Since the foundation, the village has suffered three expropriations as a result of expansions to Ramey Air Force Base. This expropriations delayed and ended the plans to turn San Antonio into a town.
Today, the population of San Antonio consists of approximately 10 thousand people. It has a modern square, a Puerto Rico State Police Station, a coliseum, an industrial park, public housing, a baseball park, a public school system, shops, and many other, charasteristics of a small town. Also, as a characteristic of a town, has a flag and an emblem. The creation of the flag and emblem was done by Roberto Román Acevedo.
Tragedy on election day in 1944
On the early morning hours of November 7, 1944, Puerto Rico suffered the most violent railroad accident in its history in Aguadilla. Train No. 3 was traveling from San Juan to Ponce carrying passengers to their different hometowns for the island general elections to be held that same day. It stopped at the Jimenez Station in Aguadilla for a routine engineer and boilerman exchange with Train No. 4 which was heading towards San Juan. The engineer assigned to Train No. 3's ride from Jimenez Station to Ponce was Jose Antonio Roman, an experienced freight train engineer, but who had never worked in passenger travel. When the train left the station at 2:00 am, it was hauling 6 passenger cars with hundreds of commuters and two freight cars.
At 2:20 a.m. the train started to descend a hill section known as Cuesta Vieja (Old Hill) in Aguadilla at what some witnesses described as an exaggerated speed. When the train reached the leveling-off point at the bottom of the hill it derailed. The steam locomotive crashed into a ditch where it exploded and one of the freight cars crashed into one of the passenger cars, killing many inside. Witnesses described the scene as horrendous, with some accounts stating that parents were throwing their children out the windows to save them from the wreckage. Chief of Police Guillermo Arroyo stated that the locomotive (No. 72), the express car, and three second class passenger cars were completely destroyed. Oscar Valle, an Aguadilla correspondent to the local El Mundo newspaper, summarized the scene in a more dramatic way: "The locomotive suffered a terrible explosion as it derailed, and the impact was so strong that 3 passenger cars were converted into a fantastic mound of wreckage. In the end, 16 passengers lost their lives, including the engineer and the boilerman, and 50 were injured in the crash.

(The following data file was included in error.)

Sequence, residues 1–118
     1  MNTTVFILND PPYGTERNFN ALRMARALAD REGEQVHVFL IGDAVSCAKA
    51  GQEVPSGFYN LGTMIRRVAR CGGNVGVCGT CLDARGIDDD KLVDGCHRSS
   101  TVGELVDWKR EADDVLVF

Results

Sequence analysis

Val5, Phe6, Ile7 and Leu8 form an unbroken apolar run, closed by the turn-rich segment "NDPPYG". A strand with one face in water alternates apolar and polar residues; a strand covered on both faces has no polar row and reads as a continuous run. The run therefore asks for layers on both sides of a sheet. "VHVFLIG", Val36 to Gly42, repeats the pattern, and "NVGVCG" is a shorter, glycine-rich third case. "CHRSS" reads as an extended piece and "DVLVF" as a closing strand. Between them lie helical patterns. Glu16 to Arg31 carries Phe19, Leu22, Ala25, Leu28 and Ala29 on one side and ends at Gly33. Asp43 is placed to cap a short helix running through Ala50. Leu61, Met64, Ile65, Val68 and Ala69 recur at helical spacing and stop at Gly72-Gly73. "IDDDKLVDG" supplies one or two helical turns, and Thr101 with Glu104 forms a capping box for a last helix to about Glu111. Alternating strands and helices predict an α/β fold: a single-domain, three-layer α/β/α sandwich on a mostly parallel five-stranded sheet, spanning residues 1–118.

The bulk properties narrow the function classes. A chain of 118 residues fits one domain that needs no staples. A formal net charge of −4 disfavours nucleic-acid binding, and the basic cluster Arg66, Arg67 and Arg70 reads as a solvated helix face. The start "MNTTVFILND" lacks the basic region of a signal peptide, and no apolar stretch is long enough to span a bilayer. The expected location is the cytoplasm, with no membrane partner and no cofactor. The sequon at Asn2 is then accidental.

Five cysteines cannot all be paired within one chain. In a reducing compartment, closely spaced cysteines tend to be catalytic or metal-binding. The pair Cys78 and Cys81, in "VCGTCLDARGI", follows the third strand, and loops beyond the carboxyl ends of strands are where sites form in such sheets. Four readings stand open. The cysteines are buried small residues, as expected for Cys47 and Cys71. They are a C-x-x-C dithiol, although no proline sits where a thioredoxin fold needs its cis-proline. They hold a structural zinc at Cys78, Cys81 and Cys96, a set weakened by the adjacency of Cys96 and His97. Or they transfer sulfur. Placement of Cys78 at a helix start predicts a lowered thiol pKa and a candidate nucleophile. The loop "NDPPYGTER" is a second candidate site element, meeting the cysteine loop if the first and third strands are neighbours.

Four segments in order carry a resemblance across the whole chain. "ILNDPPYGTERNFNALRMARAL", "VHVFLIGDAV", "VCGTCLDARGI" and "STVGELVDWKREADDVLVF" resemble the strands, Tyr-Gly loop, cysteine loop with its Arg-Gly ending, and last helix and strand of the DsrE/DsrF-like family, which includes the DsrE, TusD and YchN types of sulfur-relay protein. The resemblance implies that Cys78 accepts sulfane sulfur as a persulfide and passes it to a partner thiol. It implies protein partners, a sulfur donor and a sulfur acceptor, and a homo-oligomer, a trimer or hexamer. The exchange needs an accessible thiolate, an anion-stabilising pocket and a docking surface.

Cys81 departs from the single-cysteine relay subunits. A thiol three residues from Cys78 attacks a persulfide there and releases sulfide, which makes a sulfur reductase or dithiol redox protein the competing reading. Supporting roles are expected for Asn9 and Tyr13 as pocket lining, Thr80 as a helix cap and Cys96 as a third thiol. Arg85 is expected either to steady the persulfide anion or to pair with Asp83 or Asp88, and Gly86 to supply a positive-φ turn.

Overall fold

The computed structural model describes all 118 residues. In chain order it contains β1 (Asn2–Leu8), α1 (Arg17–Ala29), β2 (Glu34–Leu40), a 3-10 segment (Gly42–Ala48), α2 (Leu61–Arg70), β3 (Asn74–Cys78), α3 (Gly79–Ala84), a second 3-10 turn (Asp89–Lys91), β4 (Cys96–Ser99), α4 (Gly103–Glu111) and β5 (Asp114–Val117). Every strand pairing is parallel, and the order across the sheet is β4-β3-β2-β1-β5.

Aguadilla is located in the northwest coast of the island of Puerto Rico, in the Western Coastal Plains. It is bordered by the Atlantic Ocean in the north, the municipalities of Isabela on the east, and Moca and Aguada in the south.
The area of the municipality is 35.5 square miles. It is mostly plain, with some notable hills being Jiménez (728 feet) and Viñet (689 feet). It has only one river, the Culebrinas, which separates Aguadilla from Aguada. Also Cedro Creek which separates Aguadilla from Isabela in the north.
Temperature of sea
|25 °C (77 °F)||24 °C (75 °F)||25 °C (77 °F)||25 °C (77 °F)||26 °C (79 °F)||27 °C (81 °F)||29 °C (84 °F)||29 °C (84 °F)||30 °C (86 °F)||29 °C (84 °F)||28 °C (82 °F)||26 °C (79 °F)||26.0 °C (78.8 °F)|
- Aguadilla Pueblo
- Caimital Alto - El seis
- Caimital Bajo
- Ceiba Alta
- Ceiba Baja
- Corrales - Urbanizacion Cristal
- Maleza Alta
- Maleza Baja
Aguadilla is part of the Porta del Sol touristic region in Puerto Rico. The Porta del Sol website highlights Aguadilla's beaches for surfing.
According to the Department of Natural Resources, Aguadilla has the most beaches in the island, with nineteen. Some of the beaches are considered among the best for surfing, like Surfer's Beach, Gas Chambers, Crash Boat, Wilderness, among others. Because of this, Aguadilla has served as host to surfing competitions, like the ISA World Championship in 1988.
Landmarks and places of interest
- Aguadilla City Hall - Originally built in 1918. Reconstructed after the 1918 earthquake.
- Banyan Treehouse - Wooden House around a banyan tree. Any of its parts touches the tree.